Matthew HughesFormer TNW Reporter
Matthew Hughes is a journalist from Liverpool, England. His interests include security, startups, food, and storytelling. Follow him on Twi Matthew Hughes is a journalist from Liverpool, England. His interests include security, startups, food, and storytelling. Follow him on Twitter.
For lots of people, moving apartments is hampered by difficulties in scraping together a security deposit. If you’re living paycheck-to-paycheck, this can be unbelievably hard.
One insurtech startup trying to change how deposits work is Reposit, which replaces the traditional six-week’s deposit with an insurance bond.
Here’s how it works: instead of ploughing hundreds (or thousands) into a tenancy deposit scheme, where it’ll sit until the end of the tenancy, the renter instead buys an insurance product from the Reposit website, with the landlord listed as a named beneficiary.
This is cheap. A policy costs the equivalent of one week’s rent, plus a £30 annual fee should they stay in the property for more than one year. Should the property be left in an unacceptable condition, the bond allows landlords to access the equivalent of six week’s worth of rent.
According to market research commissioned by Reposit, 49 percent of people have had to borrow money from banks, relatives, and other lenders in order to find the funds for a deposit. Many face cash-flow problems as they wait for their original security deposit to be released.
There’s also the case that deposits are a pretty inefficient use of money. In the UK alone, around £4.5 billion is tied up in deposit schemes that aren’t gathering interest, or being invested in anything useful.
By using a cheaper alternative (and, let’s face it, most people don’t get their full security deposit back), punters have the opportunity to invest their money, or just do things like buy furniture.
Insurtech, like the other ‘techs,’ namely fintech and proptech, has a propensity to be a little dry. That said, it’s always exciting when something comes along that could actually help ordinary people that struggle to get by. I don’t doubt that this’ll be of interest to “generation rent.”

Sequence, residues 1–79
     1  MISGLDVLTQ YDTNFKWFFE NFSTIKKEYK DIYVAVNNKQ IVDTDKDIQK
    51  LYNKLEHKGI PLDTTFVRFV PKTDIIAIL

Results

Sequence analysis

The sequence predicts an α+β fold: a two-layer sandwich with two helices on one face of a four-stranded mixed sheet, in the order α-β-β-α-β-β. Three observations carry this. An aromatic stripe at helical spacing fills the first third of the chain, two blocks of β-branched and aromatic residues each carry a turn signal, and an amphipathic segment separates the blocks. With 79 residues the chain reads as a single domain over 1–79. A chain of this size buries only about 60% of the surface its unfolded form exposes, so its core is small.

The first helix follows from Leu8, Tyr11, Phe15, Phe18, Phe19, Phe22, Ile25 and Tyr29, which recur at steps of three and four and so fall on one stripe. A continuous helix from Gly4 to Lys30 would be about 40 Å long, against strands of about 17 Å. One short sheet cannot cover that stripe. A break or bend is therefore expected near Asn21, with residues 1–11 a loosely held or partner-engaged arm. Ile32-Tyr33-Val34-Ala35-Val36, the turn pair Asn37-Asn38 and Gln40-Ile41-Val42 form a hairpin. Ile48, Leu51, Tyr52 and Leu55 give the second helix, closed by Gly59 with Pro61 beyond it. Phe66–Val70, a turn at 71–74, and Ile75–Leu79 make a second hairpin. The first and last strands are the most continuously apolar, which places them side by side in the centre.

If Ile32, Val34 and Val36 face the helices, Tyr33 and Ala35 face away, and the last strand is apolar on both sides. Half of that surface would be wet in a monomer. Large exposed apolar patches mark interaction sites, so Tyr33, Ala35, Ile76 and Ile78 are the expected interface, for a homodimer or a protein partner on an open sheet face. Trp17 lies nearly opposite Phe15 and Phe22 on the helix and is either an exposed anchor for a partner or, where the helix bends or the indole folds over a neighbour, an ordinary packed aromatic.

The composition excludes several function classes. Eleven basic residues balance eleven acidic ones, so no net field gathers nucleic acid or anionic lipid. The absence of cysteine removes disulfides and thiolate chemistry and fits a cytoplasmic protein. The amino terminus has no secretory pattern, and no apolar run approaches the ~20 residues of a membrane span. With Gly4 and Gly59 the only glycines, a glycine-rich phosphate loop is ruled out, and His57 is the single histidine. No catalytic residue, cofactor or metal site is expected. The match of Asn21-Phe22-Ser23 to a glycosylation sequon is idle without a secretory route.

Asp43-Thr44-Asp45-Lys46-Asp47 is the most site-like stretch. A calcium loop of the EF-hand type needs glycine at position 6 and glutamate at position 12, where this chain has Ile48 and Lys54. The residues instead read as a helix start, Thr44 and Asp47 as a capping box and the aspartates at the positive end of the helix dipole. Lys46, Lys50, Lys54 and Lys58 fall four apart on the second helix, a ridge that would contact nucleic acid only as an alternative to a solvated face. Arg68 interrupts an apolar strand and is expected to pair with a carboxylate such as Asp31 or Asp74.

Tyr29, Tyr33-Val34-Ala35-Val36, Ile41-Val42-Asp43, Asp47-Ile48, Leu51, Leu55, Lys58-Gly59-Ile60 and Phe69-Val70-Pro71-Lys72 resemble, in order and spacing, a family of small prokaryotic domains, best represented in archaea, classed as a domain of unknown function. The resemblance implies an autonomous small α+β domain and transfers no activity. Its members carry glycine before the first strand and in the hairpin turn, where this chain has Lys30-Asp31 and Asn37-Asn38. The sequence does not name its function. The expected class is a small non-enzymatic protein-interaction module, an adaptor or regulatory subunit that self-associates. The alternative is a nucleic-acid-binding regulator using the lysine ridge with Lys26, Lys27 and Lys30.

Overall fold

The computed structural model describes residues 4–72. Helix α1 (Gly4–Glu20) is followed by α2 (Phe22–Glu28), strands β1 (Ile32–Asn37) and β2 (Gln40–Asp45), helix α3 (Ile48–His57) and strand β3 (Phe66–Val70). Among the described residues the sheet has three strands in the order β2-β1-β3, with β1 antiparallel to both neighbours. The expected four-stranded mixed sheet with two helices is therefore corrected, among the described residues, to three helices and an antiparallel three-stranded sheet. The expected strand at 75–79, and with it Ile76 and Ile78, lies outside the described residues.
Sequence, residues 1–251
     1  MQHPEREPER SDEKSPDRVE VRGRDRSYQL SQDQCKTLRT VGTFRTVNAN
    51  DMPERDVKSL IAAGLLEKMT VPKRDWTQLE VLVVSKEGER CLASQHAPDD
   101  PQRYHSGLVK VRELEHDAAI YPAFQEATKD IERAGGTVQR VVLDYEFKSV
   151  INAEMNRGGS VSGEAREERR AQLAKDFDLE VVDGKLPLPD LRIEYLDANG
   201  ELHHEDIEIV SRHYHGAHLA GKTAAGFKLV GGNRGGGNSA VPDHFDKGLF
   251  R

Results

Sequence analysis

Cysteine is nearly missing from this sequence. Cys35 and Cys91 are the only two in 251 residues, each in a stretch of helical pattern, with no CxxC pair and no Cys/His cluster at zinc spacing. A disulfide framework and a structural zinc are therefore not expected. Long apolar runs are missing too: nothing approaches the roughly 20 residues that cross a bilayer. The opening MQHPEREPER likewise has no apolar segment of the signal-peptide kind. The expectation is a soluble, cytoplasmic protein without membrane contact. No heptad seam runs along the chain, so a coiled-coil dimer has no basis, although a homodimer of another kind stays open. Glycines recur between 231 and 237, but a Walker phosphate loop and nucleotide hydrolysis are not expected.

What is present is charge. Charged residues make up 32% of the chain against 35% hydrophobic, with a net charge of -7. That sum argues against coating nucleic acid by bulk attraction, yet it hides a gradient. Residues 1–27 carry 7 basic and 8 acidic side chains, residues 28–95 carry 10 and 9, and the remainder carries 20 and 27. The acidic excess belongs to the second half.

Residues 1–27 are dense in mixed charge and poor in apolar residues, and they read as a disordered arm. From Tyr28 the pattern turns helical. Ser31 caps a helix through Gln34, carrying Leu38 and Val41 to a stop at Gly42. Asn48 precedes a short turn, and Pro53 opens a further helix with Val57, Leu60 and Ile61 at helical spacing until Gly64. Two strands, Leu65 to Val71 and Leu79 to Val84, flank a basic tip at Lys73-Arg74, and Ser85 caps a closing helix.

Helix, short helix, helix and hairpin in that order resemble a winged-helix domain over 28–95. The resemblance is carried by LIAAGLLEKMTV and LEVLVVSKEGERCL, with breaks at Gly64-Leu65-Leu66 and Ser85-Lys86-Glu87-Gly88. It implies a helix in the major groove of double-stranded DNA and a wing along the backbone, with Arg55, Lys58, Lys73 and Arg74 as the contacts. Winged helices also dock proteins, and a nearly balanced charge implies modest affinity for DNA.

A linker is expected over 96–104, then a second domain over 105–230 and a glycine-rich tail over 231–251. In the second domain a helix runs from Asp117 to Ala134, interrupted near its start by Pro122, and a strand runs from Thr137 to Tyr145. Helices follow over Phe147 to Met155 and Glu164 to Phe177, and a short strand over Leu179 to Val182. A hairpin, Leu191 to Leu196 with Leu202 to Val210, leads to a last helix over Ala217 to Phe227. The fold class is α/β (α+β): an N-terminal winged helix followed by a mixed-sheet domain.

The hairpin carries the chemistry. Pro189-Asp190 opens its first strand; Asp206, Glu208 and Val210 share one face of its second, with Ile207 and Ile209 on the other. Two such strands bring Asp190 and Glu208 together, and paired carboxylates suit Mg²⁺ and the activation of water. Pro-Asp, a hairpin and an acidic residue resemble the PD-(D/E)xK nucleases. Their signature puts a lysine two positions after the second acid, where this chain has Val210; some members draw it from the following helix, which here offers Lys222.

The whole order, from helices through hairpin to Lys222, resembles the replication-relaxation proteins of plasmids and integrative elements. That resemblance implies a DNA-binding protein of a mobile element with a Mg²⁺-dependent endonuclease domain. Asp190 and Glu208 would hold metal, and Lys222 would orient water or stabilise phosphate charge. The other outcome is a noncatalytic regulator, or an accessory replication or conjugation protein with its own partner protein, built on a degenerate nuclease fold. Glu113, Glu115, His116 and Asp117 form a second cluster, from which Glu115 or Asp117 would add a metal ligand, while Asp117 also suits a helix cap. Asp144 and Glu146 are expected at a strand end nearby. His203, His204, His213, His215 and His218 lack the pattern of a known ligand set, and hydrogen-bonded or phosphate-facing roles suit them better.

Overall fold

The company says that so far, it’s saved renters around £1.3 million on deposits. It’s also poised to grow across the UK, and today announced the closure of a £500,000 funding round. To date, Reposit has raised £950,000 from investors.
That said, will landlords share my enthusiasm for the product? I’m not sure. In my experience, they tend to be a deeply conservative bunch, who stick to tried-and-tested processes. Phone calls and old-school bank transfers are as high-tech as they go.
I’d wager that most letting agents would stare blankly if you even mentioned “insurtech” to them, let alone tried to convince them to radically change how their businesses work.
And then there’s the fact that many landlords would prefer tenants to have a financial stake in the renting process. The argument goes that if it’s their own money on the line, the renter is incentivized to look after the property. If an insurance company is picking up the tab, they’ll be more inclined to trash the place.
That’s a belief held by 61 percent of landlords, according to Reposit’s research, but does it play out in practice? The startup doesn’t think so, pointing out that the policies don’t indemnify the renter against everything. If they’ve caused excessive damage, they’ll still be on the hook.
It’s an interesting approach. Now we just need a startup to get rid of letting agencies — and the assorted onorous fees — and renting might, just might, become a little bit more bearable.
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